Back with a vengeance is the Pokémon Contests in which you compete against other trainers to determine who is the Toughest, Cleverest, Cutest, Coolest or most Beautiful. Whether you find this concept appealing or not is irrelevant because from taking part in the contest you receive a costumed Pikachu, which will be given a different move based on which costume it is wearing.
Yes it will wear these at all times even in battle
To those who have never gotten into the series the learning curve is deceptive. At a glance it seemed nothing more than a reverse RPG wherein you the player do not level up but instead your monsters used for blood sport do. However, if one were to, say, search for information on EV training or Pokémon breeding the information overload would probably lead to one’s head exploding. But enough horror stories, let’s relive that narrative, shall we?
Within seconds of pressing start the game is already blowing my mind. We see a screen with a Pokémon Professor, that breed of human in the Pokémon world that sees it as their anointed duty to send 10 year-old children into the monster filled woods with an element-spewing zodiac animal in tow. Then, reality shatters as it is revealed your character has been looking at this image on their Pokédex, eerily reminiscent of the GameBoy Advance SD. Brecht would be proud. Next you learn that your neglectful mother has left you in the back of a moving van as you arrive in a new town. No wonder I’m about to run away from home.
This town is called Littleroot. Get it? Because small beginnings metaphor.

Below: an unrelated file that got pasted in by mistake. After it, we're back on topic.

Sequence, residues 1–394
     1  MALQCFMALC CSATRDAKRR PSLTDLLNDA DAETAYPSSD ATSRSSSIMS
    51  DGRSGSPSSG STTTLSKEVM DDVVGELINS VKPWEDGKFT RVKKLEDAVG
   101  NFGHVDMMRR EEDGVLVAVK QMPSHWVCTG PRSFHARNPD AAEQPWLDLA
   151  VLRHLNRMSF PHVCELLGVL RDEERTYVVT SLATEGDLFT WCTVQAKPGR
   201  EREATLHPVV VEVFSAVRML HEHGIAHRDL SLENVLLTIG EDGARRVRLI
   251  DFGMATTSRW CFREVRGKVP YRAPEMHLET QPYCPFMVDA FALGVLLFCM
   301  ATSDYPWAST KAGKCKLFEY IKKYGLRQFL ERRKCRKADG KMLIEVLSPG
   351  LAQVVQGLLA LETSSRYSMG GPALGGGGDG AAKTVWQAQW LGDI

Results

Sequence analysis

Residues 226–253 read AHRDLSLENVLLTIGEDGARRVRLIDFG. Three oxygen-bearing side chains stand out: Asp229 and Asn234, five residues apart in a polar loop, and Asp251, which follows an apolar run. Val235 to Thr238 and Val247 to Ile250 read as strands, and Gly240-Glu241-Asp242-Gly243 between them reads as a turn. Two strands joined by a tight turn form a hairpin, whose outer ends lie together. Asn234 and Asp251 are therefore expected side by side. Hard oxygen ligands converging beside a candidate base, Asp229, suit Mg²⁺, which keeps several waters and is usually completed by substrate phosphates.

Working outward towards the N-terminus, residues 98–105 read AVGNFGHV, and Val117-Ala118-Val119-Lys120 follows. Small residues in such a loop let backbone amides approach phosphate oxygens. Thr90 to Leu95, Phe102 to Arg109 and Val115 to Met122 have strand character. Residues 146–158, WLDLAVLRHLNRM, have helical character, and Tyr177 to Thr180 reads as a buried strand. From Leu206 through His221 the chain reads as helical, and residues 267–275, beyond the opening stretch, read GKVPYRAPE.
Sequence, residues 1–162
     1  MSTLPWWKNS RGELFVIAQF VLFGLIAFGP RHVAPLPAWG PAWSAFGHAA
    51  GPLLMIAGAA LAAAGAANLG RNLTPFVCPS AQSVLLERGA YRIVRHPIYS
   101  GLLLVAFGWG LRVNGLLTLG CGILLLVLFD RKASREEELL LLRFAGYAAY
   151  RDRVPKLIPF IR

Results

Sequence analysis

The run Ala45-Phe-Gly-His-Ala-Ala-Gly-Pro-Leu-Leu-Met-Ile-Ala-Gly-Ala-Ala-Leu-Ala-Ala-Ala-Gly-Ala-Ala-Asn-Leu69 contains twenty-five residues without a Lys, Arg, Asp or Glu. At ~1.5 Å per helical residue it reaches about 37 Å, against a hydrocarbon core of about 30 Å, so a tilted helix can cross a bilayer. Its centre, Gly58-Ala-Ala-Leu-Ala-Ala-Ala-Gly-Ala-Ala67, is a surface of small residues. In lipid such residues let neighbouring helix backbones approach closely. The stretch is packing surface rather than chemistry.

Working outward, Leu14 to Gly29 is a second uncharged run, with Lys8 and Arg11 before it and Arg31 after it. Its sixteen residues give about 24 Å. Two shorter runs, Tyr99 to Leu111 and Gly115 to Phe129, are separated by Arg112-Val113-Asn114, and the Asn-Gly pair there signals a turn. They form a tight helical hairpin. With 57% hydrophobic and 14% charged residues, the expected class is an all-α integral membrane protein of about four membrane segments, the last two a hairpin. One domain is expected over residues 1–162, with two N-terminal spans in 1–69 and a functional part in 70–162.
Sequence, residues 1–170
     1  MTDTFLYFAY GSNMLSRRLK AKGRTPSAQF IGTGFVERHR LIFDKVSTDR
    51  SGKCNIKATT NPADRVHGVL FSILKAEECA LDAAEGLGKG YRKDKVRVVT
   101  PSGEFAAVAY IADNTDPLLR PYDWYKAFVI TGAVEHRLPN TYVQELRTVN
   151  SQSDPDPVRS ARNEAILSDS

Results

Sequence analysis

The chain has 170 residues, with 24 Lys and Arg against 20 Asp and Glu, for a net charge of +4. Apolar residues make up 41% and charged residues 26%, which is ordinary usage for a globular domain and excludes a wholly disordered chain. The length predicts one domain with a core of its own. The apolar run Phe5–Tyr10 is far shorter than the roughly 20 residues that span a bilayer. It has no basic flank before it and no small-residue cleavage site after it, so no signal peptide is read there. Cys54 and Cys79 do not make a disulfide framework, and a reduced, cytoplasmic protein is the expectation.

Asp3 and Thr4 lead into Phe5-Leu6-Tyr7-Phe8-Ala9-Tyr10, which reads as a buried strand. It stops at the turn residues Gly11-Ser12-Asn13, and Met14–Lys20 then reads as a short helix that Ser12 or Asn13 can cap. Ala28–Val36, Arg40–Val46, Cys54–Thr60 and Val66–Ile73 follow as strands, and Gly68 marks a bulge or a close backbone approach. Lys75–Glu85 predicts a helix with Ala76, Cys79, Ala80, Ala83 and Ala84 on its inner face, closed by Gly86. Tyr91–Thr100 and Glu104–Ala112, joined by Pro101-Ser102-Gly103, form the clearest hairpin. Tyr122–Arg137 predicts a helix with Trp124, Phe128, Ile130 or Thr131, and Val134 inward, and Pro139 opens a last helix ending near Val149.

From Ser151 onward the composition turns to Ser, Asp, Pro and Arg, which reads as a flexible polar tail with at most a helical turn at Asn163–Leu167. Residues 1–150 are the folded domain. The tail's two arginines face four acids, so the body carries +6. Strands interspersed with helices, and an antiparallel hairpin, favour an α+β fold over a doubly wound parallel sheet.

After some delightful product placement for the Wii U, being harassed by the neighbour kid, and mashing A at every object in sight I hit the one that gives me my first Pokémon, and I choose the one that belches fire. May the grinding commence.
Next stop is the nearest Pokémon centre, Hoenn being civilised enough to have universal health care, which I am traumatised to learn, just like the original Ruby & Sapphire, has no PokéMart in it. The Legacy white-character-only option was embarrassing, but this is just asinine. Town planning permission must be awfully complicated to acquire in Hoenn. The developers retrofitted the story with Mega-Evolutions, which would not appear chronologically until X & Y, yet I can’t get a Pokémon Centre with a PokéMart in it. Flawed design choice is flawed.
Regardless, there’s still so much to do in the game and even more to learn. Pokémon can have abilities that they are born with, they can hold items to give them other abilities, and learn moves which all have a circumstance under which to use them. One move in particular, Secret Power, allows the player to create a secret base in trees, rocks and other places, creating a base of operations where they can stare at toys or have a rest.
This was definitely one feature of the original Ruby & Sapphire that I sorely missed in the Pokémon games that followed. In the rest of the series there never truly was a home for the player to make their own and decorate and now apparently you can have friends over. If I had friends I’m sure they’d be impressed with my study area and giant novelty globe.
Whether you are the type of player that does indeed want to catch ‘em all, or explore to the four corners of the map, raid every underground and mountain cave, or cover your contest Pikachu in ribbons, Alpha & Omega are welcome additions to the Pokémon family. It plays well, it looks great and I’ll forgive the Legacy rubbish because of DexNav and Secret Bases being so terribly, terribly amazing.
Pokémon Alpha Sapphire & Omega Ruby are now available for Nintendo 3DS
This review was done by TheEffect.Net contributor, Molly O’Grady.